Velux Greenwood senior manufacturing engineer Rex Reece shows the switch over system installed as part of the company's solar installation across from its 450 Old Brickyard Road headquarters.

A decade ago, Velux Group CEO Jorgen Teng-Jensen set a lofty goal for his company.

By 2020, the skylight manufacturer would cut its global carbon footprint by 50 percent by investing in new technologies to manage its energy consumption and harvesting the power of renewable resources.

And this week, the Denmark-based company’s Greenwood plant will become the first in Velux’s 40-country portfolio to fuel its operations through the use of a dedicated solar farm that will also return energy to the grid, minimizing the chances of outages or shorts during peak consumption times.

“It speaks to who we’ve tried to be in this community for 37 years, so doing this is kind of a statement of what we believe in,” Velux Greenwood CEO John Pillman said. “We’re daylight and fresh air, that’s what we produce and sell here. So this just fits hand-in-hand with our company philosophy.”

The $2.65 million, 4,300-panel solar array will generate 1 megawatt of power a year – saving Velux 1,400 tons of carbon dioxide emissions and taking the equivalent of 292 cars off the road.

In addition to cutting $140,000 a year off Velux’s utility bill, Pillman said the system also serves as an advertisement for the effectiveness of renewable energy.

The solar farm will provide electricity to four of Velux Greenwood’s nine plants.

Already, Pillman said, representatives from three local companies have approached him for information about the farm and how it was financed.

“Having one in town, people have taken an interest in this,” Pillman said.

To help pay for its project, Velux is receiving a rebate from Duke Energy and a one-time 30 percent federal tax credit.

“Solar today is still not a financially viable thing. It sounds great, but it’s expensive and if you didn’t have the rebates and tax credits, the payback would be 25 years. And most people can’t do that,” Pillman said. “I can spend $2 million to expand my plant or put in new machines, so we had to believe in what we were doing here, and why we’re doing it.”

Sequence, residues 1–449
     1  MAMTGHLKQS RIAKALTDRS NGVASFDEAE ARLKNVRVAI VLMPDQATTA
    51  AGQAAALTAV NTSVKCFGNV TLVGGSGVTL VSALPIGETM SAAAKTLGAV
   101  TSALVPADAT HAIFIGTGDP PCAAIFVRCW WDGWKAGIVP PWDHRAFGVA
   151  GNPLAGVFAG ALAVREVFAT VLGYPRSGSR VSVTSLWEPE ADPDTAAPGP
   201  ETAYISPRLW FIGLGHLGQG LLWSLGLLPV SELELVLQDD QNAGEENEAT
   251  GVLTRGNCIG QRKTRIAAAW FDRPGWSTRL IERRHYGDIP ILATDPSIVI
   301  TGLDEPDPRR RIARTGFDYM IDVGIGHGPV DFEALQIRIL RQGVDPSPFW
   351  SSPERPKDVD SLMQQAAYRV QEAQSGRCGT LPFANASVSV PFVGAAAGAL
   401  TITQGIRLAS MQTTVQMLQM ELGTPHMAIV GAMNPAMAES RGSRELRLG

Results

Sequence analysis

Rex Reece, a senior manufacturing engineer at Velux who has worked closely on the company’s energy efficiency initiatives, said he was impressed by the willingness to pay for the solar array without a clear timeframe of a return on the investment.

“A lot of companies won’t invest that type of upfront capital, even for a four- or five-year payback,” he said. “ So Velux has always been at the forefront on that.”

The General Assembly is working to make future solar investments easier. On Feb. 1, the state Senate approved a bill that would create two new property tax exemptions for renewable energy production.

According to the state Revenue and Fiscal Affairs Office, S. 44 could result in nearly $2 million worth of property tax reductions for commercial and leased residential installations.

The state Energy Office reported that in 2015-16, South Carolina had 2,991 installations with a capacity of 25,211 kilowatts. The U.S. Energy Information Administration reports the average residential utility customer uses 10,812 kilowatt-hours a year.

Velux isn’t the only large-scale commercial solar venture in the Upstate. In January 2016, Cypress Creek Renewables announced plans to invest $12 million in Saluda County on two projects that will create 14 megawatts of power – enough to fuel 2,800 homes a year.

This January, the Greenwood County Council approved a fee-in-lieu-of-taxes, or FILOT, agreement, with Charleston-based Stevenson Farms LLC for construction of a $45 million solar farm off Ross Road.

City/County Planner Phil Lindler said in the last year, officials have permitted 20 residential solar installations. And the recruitment of industries that contribute to the county’s local energy conservation efforts is identified as a priority in a draft comprehensive plan expected to be approved by government bodies this year.

“There are a number of (renewable energy-related) goals, opportunities and strategies identified within the comprehensive plan rewrite,” Lindler said.

Pillman said his company has focused on energy conservation across the board since Teng-Jensen made his promise in 2007 that Velux would be a more responsible corporate steward.

“What we’re trying to do is have a positive impact on the environment,” Pillman said. “It’s a mandate to all of us running sales and production operations to do something to help the company achieve that goal.”


Contact staff writer Adam Benson at 864-943-5650 or on Twitter@ABensonIJ.